Wednesday, 11 March 2009

From Pusara Aman to Pusara Abadi (CsH) - The other Much-Beloved Man

My sister and brother , because of health reasons and bureaucracy, could not be present at the exhumation and re-internment - and my heart feels for them and the grief they were going through.
I have a special visa in my Passport : SWS (settled with Spouse), Given leave to enter the United Kingdom for an indefinite period.

This is for my spouse. He was a pillar of strength on the 9th and 10th of March. Often couples feel no need to articulate their appreciation of their partners but this time I shall.
He never met Akim. In fact a few days before Akim passed away, he asked Rojiah 'Who is this Iain Buchanan? I would really want to meet him.' But it was not to be. My father had met him many years ago, but the old man did not figure on this character becoming his son-in-law.

The word 'abang' took on a very endearing meaning for us when Khamis, the man who was in charge of exhuming Akim's grave put out his hand to Iain and said "Saya minta izin, abang" which means "I ask for permission, brother" Somehow the word brother is not an apt
translation for 'abang'. Muslims, especially in the West, call each other, of all races, brother and sister - to indicate a sense of brotherhood and unity. 'Abang' however has different connotations in the Malay world - it carries with it shades of respect for the older person and also a sense of affection.
What Khamis conveyed to Iain was very touching and kind - it helped us tremendously on that difficult day.
But it was not only Khamis who showed such warm-hearted sensitivity. In the office, there was Saridah and Azizah. Johan, the young man in charge of the whole procedure was admirably efficient, cool and patient while facing outbursts of anger, and very much the man of the moment. I reckon he could run big corporations and even a government efficiently without losing the human touch. And dear Encik Hamid who had to work for two days on my father's grave because of the torrential rain on the first day, worked his guts out with water up to his chest without any complaint or impatience and above all, very respectfully removed my dad's remains under a scorching hot sun on the second day.
Then there was Zainal, a complete stranger who offered us a lift to the new gravesite at Pusara Abadi for the re-burial, about a kilometre away. All the way , he was caring and solicitious to 'kakak' and 'abang' and when the day was done he made sure he got us to the MRT Station of our choice. We both cannot get over this immense generosity of spirit from these Malays from Singapore. They are sometimes criticised for being brisk and efficient 'robots', but on those 2 days, they showed a mighty big heart. In the winter of my years - I feel relieved. There is hope for our people to integrate modernity and the Malay ways and purpose.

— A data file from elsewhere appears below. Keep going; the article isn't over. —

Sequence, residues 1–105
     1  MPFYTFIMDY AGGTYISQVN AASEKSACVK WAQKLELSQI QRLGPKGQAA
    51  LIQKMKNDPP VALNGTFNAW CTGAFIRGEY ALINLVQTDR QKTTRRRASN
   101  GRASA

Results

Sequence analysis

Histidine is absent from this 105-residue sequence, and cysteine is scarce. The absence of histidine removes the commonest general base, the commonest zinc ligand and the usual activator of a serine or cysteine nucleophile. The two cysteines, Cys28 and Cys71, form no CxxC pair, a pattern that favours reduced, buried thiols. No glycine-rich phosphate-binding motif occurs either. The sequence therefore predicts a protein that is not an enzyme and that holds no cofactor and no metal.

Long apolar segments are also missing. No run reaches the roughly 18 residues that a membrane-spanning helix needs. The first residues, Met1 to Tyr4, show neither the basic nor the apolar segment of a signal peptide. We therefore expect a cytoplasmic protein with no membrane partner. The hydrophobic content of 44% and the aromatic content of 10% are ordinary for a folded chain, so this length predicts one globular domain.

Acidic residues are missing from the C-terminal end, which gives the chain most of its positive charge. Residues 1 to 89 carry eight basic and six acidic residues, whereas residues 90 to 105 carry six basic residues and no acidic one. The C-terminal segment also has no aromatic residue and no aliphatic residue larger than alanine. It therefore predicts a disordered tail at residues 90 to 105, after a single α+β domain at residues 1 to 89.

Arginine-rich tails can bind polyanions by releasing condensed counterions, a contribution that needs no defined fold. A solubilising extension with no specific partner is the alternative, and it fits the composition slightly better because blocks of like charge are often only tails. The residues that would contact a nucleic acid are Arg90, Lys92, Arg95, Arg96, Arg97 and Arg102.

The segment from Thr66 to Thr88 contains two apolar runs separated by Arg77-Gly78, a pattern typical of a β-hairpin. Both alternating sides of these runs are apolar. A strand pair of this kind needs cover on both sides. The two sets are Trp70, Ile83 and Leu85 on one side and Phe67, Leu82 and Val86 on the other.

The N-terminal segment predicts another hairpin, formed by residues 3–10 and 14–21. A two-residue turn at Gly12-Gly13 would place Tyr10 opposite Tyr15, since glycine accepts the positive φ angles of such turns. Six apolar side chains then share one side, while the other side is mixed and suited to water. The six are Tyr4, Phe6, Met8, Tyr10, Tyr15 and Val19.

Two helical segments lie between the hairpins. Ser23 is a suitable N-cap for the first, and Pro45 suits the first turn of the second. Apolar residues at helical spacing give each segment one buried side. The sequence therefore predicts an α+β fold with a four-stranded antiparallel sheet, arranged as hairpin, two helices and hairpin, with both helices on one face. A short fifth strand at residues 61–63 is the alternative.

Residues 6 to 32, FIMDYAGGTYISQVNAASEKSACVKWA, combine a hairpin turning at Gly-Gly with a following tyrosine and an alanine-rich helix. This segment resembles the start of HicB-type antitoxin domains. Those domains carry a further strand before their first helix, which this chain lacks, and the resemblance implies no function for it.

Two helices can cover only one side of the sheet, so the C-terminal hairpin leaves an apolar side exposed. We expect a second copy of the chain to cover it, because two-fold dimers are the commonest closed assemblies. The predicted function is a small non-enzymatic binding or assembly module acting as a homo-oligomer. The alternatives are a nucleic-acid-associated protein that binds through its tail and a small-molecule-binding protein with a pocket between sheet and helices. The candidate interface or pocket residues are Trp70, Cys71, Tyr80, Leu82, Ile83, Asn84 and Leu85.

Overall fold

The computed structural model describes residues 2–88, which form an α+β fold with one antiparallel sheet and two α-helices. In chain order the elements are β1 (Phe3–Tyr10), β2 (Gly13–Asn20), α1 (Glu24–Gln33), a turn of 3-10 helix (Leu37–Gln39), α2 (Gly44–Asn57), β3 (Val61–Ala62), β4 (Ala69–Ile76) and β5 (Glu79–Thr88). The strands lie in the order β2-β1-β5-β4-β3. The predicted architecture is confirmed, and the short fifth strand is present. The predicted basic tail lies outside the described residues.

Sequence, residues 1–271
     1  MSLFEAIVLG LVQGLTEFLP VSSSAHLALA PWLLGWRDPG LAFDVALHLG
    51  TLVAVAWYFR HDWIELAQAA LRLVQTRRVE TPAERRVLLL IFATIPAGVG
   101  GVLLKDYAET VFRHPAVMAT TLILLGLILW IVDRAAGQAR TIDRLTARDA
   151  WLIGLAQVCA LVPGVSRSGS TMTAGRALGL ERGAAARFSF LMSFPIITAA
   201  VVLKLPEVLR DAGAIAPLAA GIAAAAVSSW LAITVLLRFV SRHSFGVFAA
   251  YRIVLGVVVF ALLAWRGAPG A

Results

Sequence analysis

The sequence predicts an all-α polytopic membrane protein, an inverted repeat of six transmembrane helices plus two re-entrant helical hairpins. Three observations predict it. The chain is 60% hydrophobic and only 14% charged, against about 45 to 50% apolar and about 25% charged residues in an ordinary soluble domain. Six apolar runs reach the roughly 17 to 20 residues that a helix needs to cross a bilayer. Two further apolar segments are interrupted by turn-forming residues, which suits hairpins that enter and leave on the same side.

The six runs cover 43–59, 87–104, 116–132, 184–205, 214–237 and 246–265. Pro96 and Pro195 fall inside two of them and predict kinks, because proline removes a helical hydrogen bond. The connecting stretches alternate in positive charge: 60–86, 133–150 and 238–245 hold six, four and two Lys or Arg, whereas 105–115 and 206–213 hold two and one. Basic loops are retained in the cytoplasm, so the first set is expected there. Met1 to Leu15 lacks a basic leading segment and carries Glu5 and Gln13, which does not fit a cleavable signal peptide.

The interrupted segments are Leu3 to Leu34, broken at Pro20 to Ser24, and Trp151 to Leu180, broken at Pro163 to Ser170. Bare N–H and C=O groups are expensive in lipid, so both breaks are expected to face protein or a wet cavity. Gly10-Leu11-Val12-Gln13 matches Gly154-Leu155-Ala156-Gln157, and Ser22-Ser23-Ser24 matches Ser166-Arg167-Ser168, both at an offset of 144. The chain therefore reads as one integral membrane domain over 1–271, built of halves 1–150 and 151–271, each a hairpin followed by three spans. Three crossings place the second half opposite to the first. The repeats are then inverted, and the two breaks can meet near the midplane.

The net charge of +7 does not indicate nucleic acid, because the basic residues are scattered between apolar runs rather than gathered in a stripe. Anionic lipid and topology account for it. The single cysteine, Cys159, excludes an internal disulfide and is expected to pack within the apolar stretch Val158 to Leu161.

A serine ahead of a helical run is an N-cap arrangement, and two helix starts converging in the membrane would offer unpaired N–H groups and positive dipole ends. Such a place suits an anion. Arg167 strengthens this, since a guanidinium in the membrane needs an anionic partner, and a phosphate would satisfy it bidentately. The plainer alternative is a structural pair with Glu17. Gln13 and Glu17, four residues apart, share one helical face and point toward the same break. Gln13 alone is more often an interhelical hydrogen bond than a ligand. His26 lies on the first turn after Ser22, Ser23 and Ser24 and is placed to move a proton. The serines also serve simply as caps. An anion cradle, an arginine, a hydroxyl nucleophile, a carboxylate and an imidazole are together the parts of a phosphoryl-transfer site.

Finally for my sun-burnt spouse, ( from nearly 2 hours of standing under the midday sun by my father's grave ), Hamid's chidren and grandchildren thank you. The two departed could not have asked for a better son-in-law and brother-in law. You may have wilted under the sun but not your heart and your spouse says it all in George Harrison's "What is Life". You know I can't play the guitar and you would not be able to cope with me singing.
Thank you, me duck!


melayudilondon said...

Kak, I have tears in my eyes reading this. I am glad that there is still compassion and solidarity within our Malay community.

Anonymous said...

My dear nor
The whole of Monday my mind was at pusara Aman. I hate myself for not being there when Akim was laid to rest as I missed it by a few hours, but the times I spent with him in London before his death flashed through my mind. We were, for the first time, rediscovering--no, discovering each other as only brothers could.

I have written about this period somewhere and will re-post it .

But, Abah, the whole of Monday, and Tuesday, I kept recalling the monent we laid him to rest.

I was in the grave, together with aruah cik Omar, and a student of your from Merlimau. The three of us carried him and laid him down--adjusting his body for the correct angle, laid the plank to cover him. and had to do THE MOST PAINFUL ACT I HAD EVER DONE AND WILL EVER DO. i WAS THE FIRST TO COVER ABAH WITH A FEW HANDFUL OF EARTH. tHAT IS THE MOST SOLEMN, PAINFUL AND AGONIZING ACT . i FELT i DID HIM WRONG IN DOING THAT.

Any way , last Monday and Tuesday , that moment came back----and I couldn't be there.......


Anonymous said...

Oh---from the bottom of my heart Iain , thanks for being there. I won't write more but i think you know how much i appreciate it.


Anonymous said...

Hi Mak Ngah,
Terribly sorry that I can't curi keluar on both days - good to hear that it went well for you.

Hi Unc Ian,
Can I call you 'Pak Ngah'....think about it, we can make the little ones confused on the actual source of those silly riddles :)